Swearing or cursing is an unavoidable part of any language. Even if you consider yourself the sort of person who never ever swears, it may still serve you well to have a good grasp of some basic “palabrotas” or swear words.
Whilst we’re going to try and keep today’s post as clean as possible, we will still need to mention a few choice words. So, if you’re easily offended or simply don’t wish to see some stronger language used, we suggest that you hit the close button now, whilst we distract you with a nice picture of a puppy.
If you’ve made it this far don’t worry too much, because as we are about to find out, swearing in Spanish really isn’t that bad! So without further ado, let’s get into it!
Let’s face facts: People swear and curse all the time. It is an unavoidable part of every language. This said, how we swear and also how often is very dependent on the type of person you are. Some people rarely swear whilst maintaining their almost saint-like composure, whilst others appear to incessantly pepper their outbursts with extremely colourful language. As a general impression though, I believe it’s fair to say that swearing in Spanish generally isn’t deemed as strong as perhaps it is in English.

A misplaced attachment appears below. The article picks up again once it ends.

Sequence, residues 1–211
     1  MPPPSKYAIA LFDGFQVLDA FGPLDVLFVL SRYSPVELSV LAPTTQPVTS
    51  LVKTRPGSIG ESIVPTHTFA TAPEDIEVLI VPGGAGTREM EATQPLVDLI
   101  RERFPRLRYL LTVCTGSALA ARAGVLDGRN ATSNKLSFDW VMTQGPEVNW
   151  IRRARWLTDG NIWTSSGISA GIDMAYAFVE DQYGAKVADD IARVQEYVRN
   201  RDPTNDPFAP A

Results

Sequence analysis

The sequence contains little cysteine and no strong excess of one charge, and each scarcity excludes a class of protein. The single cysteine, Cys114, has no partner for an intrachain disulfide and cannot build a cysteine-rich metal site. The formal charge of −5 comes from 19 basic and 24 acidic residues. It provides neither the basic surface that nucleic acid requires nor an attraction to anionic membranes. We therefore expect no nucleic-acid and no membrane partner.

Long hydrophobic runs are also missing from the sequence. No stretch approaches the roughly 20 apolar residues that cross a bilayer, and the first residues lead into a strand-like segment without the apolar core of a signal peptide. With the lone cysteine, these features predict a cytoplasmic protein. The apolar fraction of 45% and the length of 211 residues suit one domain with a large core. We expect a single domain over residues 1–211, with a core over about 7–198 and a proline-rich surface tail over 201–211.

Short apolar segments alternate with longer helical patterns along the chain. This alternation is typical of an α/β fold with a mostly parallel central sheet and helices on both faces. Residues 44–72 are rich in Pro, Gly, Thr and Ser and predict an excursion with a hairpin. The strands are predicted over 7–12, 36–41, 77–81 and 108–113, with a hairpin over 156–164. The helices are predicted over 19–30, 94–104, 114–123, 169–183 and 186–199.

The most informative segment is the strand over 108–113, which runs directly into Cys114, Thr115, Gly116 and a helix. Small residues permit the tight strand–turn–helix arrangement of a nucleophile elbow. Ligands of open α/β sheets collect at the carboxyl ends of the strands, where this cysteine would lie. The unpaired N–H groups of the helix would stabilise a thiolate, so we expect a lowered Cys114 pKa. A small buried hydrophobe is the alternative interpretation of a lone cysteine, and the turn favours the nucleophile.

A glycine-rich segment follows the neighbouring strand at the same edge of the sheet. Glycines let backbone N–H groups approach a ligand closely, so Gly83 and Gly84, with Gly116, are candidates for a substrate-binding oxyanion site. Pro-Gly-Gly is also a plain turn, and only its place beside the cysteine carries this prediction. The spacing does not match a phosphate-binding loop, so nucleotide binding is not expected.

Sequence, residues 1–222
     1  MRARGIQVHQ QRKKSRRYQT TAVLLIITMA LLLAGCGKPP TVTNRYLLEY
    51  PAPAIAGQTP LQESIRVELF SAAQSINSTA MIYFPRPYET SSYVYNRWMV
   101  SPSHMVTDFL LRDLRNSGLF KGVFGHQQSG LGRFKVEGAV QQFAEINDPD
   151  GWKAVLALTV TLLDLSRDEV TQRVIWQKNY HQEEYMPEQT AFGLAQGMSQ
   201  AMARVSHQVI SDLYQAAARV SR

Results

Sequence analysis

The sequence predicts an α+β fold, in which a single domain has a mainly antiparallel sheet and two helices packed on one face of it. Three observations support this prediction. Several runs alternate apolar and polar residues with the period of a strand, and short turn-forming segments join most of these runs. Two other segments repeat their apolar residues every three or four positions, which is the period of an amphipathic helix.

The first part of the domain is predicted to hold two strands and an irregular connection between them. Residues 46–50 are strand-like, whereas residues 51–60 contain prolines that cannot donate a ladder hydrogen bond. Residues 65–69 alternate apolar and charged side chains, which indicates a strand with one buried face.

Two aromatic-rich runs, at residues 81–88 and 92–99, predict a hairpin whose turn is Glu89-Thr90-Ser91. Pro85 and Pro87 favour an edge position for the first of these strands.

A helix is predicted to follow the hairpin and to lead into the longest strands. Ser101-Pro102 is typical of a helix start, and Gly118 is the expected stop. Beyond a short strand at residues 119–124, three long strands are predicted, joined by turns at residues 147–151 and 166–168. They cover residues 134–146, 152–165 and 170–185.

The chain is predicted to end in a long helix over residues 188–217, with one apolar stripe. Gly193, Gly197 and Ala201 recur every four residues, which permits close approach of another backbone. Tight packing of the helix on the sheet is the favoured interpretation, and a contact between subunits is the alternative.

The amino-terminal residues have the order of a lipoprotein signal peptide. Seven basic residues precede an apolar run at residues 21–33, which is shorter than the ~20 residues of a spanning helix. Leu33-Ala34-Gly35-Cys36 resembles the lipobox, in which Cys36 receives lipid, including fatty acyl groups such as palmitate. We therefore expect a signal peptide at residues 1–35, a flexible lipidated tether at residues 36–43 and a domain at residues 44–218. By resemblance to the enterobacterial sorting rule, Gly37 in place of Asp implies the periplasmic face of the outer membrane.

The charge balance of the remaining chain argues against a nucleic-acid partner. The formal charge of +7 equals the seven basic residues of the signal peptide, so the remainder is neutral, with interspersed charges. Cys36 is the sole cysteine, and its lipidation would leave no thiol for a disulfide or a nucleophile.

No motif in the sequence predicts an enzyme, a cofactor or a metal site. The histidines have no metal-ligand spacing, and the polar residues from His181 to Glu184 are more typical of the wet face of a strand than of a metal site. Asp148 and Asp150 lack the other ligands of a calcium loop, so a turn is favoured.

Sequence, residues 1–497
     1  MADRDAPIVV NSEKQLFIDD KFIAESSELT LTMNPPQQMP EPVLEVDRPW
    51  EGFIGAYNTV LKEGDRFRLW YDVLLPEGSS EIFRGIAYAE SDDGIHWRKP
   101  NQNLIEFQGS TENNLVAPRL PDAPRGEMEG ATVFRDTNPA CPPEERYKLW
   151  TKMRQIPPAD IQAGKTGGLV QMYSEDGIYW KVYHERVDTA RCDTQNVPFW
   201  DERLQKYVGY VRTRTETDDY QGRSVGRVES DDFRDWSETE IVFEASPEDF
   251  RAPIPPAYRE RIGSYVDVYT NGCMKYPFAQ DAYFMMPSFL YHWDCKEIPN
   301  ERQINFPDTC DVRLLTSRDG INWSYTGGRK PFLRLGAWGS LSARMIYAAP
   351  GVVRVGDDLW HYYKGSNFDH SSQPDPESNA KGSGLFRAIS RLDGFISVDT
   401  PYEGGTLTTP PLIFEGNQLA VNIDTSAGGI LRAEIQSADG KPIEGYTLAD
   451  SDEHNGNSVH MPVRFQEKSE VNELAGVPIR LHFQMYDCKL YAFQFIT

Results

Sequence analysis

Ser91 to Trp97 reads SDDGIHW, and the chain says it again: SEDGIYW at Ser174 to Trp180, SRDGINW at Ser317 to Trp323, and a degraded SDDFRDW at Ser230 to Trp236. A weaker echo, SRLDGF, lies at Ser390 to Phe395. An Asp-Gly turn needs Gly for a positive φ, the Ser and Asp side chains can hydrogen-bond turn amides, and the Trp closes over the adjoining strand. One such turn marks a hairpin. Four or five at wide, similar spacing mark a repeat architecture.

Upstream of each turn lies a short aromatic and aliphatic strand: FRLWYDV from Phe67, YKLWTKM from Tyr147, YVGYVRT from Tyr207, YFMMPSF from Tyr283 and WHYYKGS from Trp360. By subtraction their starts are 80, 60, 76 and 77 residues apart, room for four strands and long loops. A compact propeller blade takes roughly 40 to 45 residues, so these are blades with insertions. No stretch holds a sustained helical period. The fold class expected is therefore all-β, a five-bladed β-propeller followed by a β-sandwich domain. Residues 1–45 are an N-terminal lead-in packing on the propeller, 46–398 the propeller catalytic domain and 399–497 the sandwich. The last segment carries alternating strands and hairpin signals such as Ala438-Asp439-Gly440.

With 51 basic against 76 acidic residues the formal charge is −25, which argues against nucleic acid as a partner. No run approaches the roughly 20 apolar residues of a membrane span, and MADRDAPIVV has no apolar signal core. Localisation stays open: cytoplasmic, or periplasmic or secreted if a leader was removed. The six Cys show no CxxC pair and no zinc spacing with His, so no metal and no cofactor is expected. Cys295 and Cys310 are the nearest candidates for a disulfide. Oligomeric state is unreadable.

Words that we might find as English speakers extremely rude or vulgar simply aren’t in Spanish. To the point that many words are commonly said in front of children without a second thought. Whereas the equivalent words would almost certainly raise eyebrows when said in polite English-speaking company. With this in mind then, let’s take a look at a few Spanish curse words that may not be as strong as we might first assume: Mierda
Meaning: Sh*t, Crap
Alternatives: “Caca” (Poo)
Usually used in frustration, it pretty closely mirrors how we use the word in English.
“¡Oh, mierda!” (Oh, sh*t!)
As with English, we can also use this word adjectively when describing things negatively.
“Pues, eso fue una
mierda” (Well, that was sh*t).
Notice that in constructions like this, the Spanish uses an article, whereas we don’t in English even though it’s considered an abstract concept and not the physical thing. Joder
When used in isolation joder
is normally used as an exclamation or interjection, but as already mentioned, it is not deemed remotely as strong as its English counterpart. Usually more in the spirit of “damn it”, or “for f*ck sake”. Joder
also functions as a verb in its own right, which then becomes a lot more vulgar.
“¡Jodete!” (F*ck you!)
“Me jodiste, quiero recuperar mi dinero” (You screwed me, I want to get my money back)
Even though joder isn’t considered too strong in insolation, there is a more polite form in jolín.
This can be thought of as like when we use alternative form interjections in English like sugar
in place of sh*t and f*ck. Hostia
Meaning: Holy sh*t, Christ, Jesus
Literally meaning host